Lastpass Sold – The Shrinking Password Manager Universe
You may have heard earlier this month that Logmein has purchased the password management tool LastPass. The announcement itself contained some very important information about how this tool might evolve, especially if you look at what they aren’t saying. This is most certainly bad news for Lastpass users.
First, a little history. Logmein is well known for offering a free product (presumably to gain user interest), and pulling it back leaving those users in a position to either leave or pay. If you’re a user of any Logmein product that includes a free tier, you should not standardize its use, nor should you continue to use it.
Lastpass, to their benefit, responded to this immediately in the announcement. They say:
“First of all, we (LogMeIn/LastPass) have no plans to change our existing business model.”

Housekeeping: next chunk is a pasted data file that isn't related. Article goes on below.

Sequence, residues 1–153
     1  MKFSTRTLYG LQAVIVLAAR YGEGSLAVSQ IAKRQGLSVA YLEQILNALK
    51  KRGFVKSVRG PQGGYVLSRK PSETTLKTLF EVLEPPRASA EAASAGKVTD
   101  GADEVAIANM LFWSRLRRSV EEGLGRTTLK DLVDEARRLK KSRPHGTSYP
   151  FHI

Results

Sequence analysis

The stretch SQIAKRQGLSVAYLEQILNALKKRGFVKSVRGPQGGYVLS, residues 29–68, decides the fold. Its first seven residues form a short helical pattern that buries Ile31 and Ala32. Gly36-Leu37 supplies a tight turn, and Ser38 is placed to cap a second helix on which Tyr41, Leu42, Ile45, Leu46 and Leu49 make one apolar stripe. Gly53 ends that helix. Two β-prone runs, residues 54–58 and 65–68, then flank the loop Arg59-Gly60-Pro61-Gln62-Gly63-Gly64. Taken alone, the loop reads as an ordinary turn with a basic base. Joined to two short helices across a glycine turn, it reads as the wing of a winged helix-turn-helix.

This is clearly a strong statement, but ultimately hollow, and likely misguided, since they’ll eventually answer to the executives of Logmein. There are also several ways they can keep a similar business model, but start squeezing features out of the free tier and making it unusable. As a repeat offender, Logmein can’t be trusted.
LogMeIn also offered a press release describing the deal. A quote by CEO Michael Simon was especially telling:
“We believe this transaction instantly gives us a market leading position in password management, while also providing a highly favorable foundation for delivering the next generation of identity and access management solutions to individuals, teams and companies.”
With this transaction, they’re buying into the identity management business, and while wrapping this into the “Logmein way of business”, does anyone really think they’ll stop to consider the needs of free Lastpass users? Very unlikely.
If you are a Lastpass user – especially on the free tier – I would urge you to immediately look for alternatives. You should consider a more secure localized tool like Keepass.